When a company is profitable and has positive earnings, it may choose to pay a dividend to its common shareholders. Dividends can be seen as a reward from the company to its shareholders for investing in their shares. A dividend is typically paid out as a percentage of a company’s earnings; however, the payments are not compulsory and will typically depend on the company’s free cash flows. Typically, more established, and value-oriented companies will pay a higher dividend than newer, growth-oriented companies. Sectors that tend to have a higher dividend yield (as a consequence of being more profitable and have a history of rewarding shareholders) are:
In contrast, sectors such as technology tend to have a lower dividend yield as companies typically reinvest their free cash flow and earnings into new growth projects.
Regular dividends are usually paid out consistently, with the company and its board of directors specifying a timeframe and payout rates. In Australia, regular dividends are typically paid out semi-annually whereas US-listed companies will typically pay quarterly dividends. There are also other investment instruments such as REITs (Real estate investment trusts), which can pay monthly dividends to shareholders. Management will typically attempt to keep dividends stable, as this allows shareholders to be more trusting of the company, and typically indicate the company’s performance is matching management’s expectations.
A special dividend is a non-recurring dividend that can be paid out to shareholders because of a special event. For example, if a company can successfully divest an area of the business and has no use for additional capital, management may choose to return this capital to shareholders in the form of a special one-time dividend payment. Special dividends can also be paid out if a company generates an elevated level of profits that are not expected to be sustained. For example, a mining company that generates excessive profits due to higher commodity prices may choose to pay shareholders a special dividend, however, this will likely only persist for as long as commodity prices are favourable.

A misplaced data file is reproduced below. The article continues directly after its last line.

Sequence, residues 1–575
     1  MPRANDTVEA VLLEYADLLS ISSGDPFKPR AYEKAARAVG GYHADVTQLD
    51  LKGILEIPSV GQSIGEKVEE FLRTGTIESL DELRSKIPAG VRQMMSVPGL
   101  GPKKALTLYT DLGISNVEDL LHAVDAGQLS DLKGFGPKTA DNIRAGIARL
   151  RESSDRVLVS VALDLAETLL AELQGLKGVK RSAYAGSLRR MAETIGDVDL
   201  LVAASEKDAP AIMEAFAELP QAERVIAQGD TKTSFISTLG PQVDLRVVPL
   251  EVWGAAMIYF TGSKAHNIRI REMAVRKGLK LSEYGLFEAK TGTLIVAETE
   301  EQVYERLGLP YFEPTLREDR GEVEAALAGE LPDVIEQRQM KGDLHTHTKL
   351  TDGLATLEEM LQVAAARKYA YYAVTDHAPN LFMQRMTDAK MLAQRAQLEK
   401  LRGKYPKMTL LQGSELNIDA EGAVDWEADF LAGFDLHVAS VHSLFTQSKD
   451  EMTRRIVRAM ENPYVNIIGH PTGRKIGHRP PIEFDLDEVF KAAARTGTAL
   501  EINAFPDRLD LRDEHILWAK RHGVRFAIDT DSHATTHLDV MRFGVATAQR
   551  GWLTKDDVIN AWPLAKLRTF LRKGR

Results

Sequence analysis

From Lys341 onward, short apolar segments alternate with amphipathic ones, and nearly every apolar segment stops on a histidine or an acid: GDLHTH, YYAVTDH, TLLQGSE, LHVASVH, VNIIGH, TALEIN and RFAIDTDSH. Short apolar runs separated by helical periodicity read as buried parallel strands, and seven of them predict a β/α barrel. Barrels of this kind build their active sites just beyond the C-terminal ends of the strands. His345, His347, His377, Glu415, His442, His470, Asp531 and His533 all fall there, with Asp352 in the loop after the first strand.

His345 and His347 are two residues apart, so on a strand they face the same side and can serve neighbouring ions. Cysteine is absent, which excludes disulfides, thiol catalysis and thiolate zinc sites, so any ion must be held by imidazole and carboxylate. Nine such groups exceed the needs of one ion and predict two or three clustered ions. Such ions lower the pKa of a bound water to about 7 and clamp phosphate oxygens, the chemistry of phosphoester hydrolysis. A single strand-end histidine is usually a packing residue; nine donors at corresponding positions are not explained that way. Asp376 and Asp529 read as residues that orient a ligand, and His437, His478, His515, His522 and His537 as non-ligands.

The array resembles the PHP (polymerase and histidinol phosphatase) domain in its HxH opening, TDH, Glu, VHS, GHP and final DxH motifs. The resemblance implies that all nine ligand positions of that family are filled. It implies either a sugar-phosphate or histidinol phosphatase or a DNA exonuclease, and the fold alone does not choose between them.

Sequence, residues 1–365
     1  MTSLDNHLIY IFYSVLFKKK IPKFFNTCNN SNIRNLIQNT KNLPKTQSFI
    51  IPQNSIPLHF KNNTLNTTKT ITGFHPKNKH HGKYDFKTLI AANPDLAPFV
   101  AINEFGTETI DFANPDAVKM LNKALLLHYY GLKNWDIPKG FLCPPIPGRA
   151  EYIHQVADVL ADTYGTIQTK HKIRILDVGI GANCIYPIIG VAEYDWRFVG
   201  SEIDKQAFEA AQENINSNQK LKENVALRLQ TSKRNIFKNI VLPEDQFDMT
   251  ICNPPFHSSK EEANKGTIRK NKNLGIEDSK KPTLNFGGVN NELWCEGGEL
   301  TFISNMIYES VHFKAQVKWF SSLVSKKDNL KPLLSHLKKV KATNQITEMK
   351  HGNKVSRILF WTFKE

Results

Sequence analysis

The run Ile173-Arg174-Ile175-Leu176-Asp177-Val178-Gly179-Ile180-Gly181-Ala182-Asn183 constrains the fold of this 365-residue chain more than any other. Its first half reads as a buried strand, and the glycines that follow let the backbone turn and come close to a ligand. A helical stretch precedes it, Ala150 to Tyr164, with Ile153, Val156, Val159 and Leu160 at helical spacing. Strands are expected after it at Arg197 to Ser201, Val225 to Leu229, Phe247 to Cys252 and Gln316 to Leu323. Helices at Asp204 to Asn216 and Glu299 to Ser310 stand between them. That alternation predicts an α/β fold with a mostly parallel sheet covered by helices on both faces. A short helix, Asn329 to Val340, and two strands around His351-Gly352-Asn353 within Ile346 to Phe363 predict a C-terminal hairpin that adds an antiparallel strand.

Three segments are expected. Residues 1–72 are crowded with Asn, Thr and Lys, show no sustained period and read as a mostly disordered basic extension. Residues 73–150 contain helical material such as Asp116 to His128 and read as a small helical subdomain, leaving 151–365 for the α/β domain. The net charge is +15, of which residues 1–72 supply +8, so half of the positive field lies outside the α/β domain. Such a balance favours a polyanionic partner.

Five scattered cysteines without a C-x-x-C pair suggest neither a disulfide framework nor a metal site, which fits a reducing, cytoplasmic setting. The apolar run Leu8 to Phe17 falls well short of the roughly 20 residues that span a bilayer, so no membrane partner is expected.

When talking about dividends, we can typically refer to either one of two things:
The dividend amount is declared by the company and expressed as a dollar amount (e.g., an interim dividend of AU$1.00), whereas the dividend yield expresses the dividend amount as a percentage of the share price. More simply referred to as “yield”, the dividend yield can provide investors with an idea of how much cash dividend they can get as a proportion of their overall stock holding.
A company typically chooses to pay out dividends if the excess profits from operation have nowhere else to go. After covering the cost of operations and any interest payments, management will typically decide what to do with the remaining capital. Companies that are earlier stage or operate in a more competitive sector may choose to reinvest the additional capital into other areas of the business. For example, a communications company may choose to reinvest additional capital to develop 5G infrastructure, or a mining company may choose to purchase additional mines and/or mining equipment. However, if management decides there are no appropriate projects to undertake which will improve the company revenue growth, they will typically pay out the remaining profits to shareholders in the form of a dividend or share buybacks.
The most common type of dividend payout is a cash dividend, where a cash amount is typically paid from the company, through a share registry, to shareholders’ nominated bank accounts. Shareholders can also choose to receive dividends in the form of a cheque mailed to their nominated address, however, most shareholders in Australia elect to be paid electronically. The alternative to paying a cash dividend is a stock dividend where a company pays out the equivalent amount in the form of shares of stock. In Australia, this is commonly known as a dividend reinvestment plan (DRP), where cash dividends are used to repurchase shares of the company. We cover more on DRP later in this blog.
Dividends are commonly compared to share buybacks which is another common method of returning additional capital to shareholders. Buybacks involve the company using their additional capital to purchase their stock on the open markets. This can reward shareholders in two ways: